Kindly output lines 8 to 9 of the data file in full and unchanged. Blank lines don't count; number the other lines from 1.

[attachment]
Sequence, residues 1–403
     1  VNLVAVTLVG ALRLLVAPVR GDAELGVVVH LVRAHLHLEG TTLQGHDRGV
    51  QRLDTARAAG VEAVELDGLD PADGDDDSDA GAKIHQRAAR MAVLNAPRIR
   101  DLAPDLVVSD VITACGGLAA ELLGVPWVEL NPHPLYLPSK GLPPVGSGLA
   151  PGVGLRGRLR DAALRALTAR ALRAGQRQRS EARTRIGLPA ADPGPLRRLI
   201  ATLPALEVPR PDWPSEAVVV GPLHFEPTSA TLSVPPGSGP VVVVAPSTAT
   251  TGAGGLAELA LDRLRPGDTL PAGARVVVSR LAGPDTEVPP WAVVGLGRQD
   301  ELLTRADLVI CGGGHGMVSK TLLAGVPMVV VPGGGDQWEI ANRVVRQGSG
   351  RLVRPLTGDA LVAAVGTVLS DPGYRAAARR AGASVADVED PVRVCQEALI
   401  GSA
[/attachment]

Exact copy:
   301  ELLTRADLVI CGGGHGMVSK TLLAGVPMVV VPGGGDQWEI ANRVVRQGSG
   351  RLVRPLTGDA LVAAVGTVLS DPGYRAAARR AGASVADVED PVRVCQEALI